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J Physiol. 2019 Feb;597(4):1073-1085. doi: 10.1113/JP275810. Epub 2018 Aug 25.

Effects of living at moderate altitude on pulmonary vascular function and exercise capacity in mice with sickle cell anaemia.

Author information

1
Cardiovascular and Pulmonary Research Laboratory, Department of Medicine, Anschutz Medical Campus, University of Colorado-Denver School of Medicine, Aurora, CO, USA.
2
Division of Blood Components and Devices, Office of Blood Research and Review, The Center for Biologics Evaluation and Research, United States Food and Drug Administration, Bethesda, MD, USA.
3
Division of Hematology and Colorado Sickle Cell Treatment and Research Center, Anschutz Medical Campus, University of Colorado-Denver School of Medicine, Aurora, CO, USA.

Abstract

KEY POINTS:

Sickle cell disease (SCD) results in cardiopulmonary dysfunction, which may be exacerbated by prolonged exposure to environmental hypoxia. It is currently unknown whether exposure to mild and moderate altitude exacerbates SCD associated cardiopulmonary and systemic complications. Three months of exposure to mild (1609 m) and moderate (2438 m) altitude increased rates of haemolysis and right ventricular systolic pressures in mice with SCD compared to healthy wild-type cohorts and SCD mice at sea level. The haemodynamic changes in SCD mice that had lived at mild and moderate altitude were accompanied by changes in the balance between pulmonary vascular endothelial nitric oxide synthase and endothelin receptor expression and impaired exercise tolerance. These data demonstrate that chronic altitude exposure exacerbates the complications associated with SCD and provides pertinent information for the clinical counselling of SCD patients.

ABSTRACT:

Exposure to high altitude worsens symptoms and crises in patients with sickle cell disease (SCD). However, it remains unclear whether prolonged exposure to low barometric pressures exacerbates SCD aetiologies or impairs quality of life. We tested the hypothesis that, relative to wild-type (WT) mice, Berkley sickle cell mice (BERK-SS) residing at sea level, mild (1609 m) and moderate (2438 m) altitude would have a higher rate of haemolysis, impaired cardiac function and reduced exercise tolerance, and that the level of altitude would worsen these decrements. Following 3 months of altitude exposure, right ventricular systolic pressure was measured (solid-state transducer). In addition, the adaptive balance between pulmonary vascular endothelial nitric oxide synthase and endothelin was assessed in lung tissue to determine differences in pulmonary vascular adaptation and the speed/duration relationship (critical speed) was used to evaluate treadmill exercise tolerance. At all altitudes, BERK-SS mice had a significantly lower percentage haemocrit and higher total bilirubin and free haemoglobin concentration (P < 0.05 for all). right ventricular systolic pressures in BERK-SS were higher than WT at moderate altitude and also compared to BERK-SS at sea level (P < 0.05, for both). Critical speed was significantly lower in BERK-SS at mild and moderate altitude (P < 0.05). BERK-SS demonstrated exacerbated SCD complications and reduced exercise capacity associated with an increase in altitude. These results suggest that exposure to mild and moderate altitude enhances the progression of SCD in BERK-SS mice compared to healthy WT cohorts and BERK-SS mice at sea level and provides crucial information for the clinical counselling of SCD patients.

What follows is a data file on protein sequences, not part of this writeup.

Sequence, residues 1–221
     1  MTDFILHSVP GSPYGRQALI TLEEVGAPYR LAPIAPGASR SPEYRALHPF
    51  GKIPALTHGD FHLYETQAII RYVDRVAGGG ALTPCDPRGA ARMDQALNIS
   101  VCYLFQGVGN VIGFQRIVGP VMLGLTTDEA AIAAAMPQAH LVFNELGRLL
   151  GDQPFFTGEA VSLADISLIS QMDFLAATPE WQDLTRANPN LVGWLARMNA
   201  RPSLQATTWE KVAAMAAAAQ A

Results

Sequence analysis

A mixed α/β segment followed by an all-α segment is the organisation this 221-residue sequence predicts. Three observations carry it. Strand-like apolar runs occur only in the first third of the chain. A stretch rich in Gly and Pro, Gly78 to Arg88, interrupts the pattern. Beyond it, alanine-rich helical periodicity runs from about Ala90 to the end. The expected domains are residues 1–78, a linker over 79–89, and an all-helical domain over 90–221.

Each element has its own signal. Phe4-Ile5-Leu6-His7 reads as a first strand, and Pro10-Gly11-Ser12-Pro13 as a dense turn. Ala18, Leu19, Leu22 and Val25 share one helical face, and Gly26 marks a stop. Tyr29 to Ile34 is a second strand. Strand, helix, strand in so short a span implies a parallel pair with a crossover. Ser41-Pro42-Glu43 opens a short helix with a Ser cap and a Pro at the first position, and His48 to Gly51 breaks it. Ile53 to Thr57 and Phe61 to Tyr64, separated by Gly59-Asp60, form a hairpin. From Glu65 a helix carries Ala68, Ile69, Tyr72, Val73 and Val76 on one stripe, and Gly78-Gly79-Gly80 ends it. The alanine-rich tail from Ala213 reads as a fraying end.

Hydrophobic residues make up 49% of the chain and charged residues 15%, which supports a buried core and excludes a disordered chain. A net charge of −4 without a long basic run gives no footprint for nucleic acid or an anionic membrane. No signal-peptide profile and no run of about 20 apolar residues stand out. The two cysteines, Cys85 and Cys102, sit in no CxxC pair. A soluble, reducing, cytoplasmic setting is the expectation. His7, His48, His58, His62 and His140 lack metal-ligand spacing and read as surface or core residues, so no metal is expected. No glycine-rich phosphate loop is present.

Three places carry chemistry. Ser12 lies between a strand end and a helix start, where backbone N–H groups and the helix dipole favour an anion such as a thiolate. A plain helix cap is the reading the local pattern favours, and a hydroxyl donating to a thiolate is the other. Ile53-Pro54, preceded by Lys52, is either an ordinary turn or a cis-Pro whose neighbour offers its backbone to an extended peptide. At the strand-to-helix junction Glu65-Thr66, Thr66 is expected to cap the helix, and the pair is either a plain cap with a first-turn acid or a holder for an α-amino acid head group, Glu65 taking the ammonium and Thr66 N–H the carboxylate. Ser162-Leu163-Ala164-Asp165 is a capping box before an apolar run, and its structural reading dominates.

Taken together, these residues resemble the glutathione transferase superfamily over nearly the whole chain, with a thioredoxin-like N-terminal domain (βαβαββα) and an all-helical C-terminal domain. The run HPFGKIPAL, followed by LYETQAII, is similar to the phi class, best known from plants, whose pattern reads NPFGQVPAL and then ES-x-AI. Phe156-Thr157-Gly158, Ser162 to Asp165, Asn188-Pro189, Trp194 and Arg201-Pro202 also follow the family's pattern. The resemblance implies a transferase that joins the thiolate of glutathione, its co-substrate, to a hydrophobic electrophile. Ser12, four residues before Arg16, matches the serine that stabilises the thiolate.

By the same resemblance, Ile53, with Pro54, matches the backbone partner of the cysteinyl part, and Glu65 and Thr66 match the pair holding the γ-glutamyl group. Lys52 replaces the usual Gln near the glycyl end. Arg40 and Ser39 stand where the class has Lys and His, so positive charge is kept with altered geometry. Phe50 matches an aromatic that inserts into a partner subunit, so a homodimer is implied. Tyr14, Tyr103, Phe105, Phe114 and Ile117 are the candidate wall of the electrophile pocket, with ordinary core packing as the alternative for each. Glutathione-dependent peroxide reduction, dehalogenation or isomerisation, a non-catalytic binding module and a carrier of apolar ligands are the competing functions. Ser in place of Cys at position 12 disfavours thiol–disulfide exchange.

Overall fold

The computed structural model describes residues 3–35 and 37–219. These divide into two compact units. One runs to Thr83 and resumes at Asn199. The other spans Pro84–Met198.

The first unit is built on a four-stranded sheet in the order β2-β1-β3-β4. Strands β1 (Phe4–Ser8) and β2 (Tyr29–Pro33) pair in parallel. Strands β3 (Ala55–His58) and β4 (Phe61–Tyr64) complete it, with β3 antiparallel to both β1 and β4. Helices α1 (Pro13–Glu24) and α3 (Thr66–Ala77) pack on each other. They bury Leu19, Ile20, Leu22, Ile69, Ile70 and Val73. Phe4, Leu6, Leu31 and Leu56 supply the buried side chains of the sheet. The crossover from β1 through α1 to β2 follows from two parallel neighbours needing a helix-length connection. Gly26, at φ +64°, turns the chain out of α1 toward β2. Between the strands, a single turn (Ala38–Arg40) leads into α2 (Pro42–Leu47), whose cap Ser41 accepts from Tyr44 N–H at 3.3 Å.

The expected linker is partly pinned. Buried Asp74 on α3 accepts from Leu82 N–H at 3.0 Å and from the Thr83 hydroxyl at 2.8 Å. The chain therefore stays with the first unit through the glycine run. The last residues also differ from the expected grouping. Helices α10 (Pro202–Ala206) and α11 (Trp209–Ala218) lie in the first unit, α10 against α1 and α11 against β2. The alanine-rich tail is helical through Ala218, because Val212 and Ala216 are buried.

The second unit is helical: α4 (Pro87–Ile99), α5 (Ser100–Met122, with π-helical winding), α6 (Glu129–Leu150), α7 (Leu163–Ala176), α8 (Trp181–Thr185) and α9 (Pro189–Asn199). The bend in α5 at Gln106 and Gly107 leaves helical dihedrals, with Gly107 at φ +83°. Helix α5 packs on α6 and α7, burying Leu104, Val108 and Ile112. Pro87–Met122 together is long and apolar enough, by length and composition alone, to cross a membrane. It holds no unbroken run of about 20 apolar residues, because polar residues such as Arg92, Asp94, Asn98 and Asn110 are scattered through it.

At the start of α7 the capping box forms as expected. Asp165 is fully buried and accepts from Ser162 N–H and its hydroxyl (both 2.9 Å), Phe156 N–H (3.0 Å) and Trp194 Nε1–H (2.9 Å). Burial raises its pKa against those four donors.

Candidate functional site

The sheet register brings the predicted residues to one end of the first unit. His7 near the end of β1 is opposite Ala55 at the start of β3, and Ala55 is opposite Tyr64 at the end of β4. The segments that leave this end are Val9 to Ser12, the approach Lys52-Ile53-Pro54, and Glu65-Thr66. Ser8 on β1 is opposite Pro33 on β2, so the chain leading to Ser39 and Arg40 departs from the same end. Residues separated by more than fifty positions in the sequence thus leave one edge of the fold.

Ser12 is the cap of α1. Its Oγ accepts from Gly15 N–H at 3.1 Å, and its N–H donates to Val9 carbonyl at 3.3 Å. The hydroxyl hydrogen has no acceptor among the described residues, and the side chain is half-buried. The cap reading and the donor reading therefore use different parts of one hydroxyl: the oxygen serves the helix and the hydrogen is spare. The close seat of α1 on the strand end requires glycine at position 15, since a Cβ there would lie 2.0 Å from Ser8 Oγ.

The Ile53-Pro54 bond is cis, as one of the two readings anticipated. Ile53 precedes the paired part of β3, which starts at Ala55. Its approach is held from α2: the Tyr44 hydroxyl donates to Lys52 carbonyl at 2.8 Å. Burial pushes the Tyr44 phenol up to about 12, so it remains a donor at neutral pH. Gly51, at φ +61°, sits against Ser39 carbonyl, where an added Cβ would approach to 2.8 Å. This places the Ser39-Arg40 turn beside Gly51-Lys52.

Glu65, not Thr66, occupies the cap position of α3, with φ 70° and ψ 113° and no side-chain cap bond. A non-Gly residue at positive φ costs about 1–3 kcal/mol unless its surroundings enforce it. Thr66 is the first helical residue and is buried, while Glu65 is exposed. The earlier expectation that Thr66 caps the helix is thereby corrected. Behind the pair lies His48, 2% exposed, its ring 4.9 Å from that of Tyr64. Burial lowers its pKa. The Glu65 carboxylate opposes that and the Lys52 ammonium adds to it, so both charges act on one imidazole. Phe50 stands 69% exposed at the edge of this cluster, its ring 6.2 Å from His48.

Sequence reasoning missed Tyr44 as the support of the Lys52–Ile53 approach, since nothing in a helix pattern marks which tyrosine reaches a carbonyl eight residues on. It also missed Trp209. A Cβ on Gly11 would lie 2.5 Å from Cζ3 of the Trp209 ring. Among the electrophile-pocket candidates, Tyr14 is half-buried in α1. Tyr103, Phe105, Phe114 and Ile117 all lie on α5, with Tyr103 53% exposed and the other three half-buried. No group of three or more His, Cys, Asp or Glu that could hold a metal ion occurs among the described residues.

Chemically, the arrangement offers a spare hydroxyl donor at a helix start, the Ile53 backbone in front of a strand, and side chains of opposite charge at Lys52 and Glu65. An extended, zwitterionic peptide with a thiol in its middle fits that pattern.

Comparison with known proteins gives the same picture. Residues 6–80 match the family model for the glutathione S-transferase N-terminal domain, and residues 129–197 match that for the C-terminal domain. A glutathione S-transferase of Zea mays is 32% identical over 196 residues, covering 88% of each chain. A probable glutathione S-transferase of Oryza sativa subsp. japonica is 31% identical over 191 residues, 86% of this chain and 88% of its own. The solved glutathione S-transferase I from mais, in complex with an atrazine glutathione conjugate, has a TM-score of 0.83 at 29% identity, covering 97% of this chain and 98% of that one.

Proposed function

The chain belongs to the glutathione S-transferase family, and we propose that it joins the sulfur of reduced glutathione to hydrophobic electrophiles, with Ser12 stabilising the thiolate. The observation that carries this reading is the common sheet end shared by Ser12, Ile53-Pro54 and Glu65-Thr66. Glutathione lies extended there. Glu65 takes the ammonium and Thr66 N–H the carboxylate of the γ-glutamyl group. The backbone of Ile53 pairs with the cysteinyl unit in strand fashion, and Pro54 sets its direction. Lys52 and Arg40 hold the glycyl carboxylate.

KEYWORDS:

BERK mouse; critical speed; hemolysis; hypoxia

PMID:
29931797
PMCID:
PMC6376072
[Available on 2020-02-15]
DOI:
10.1113/JP275810

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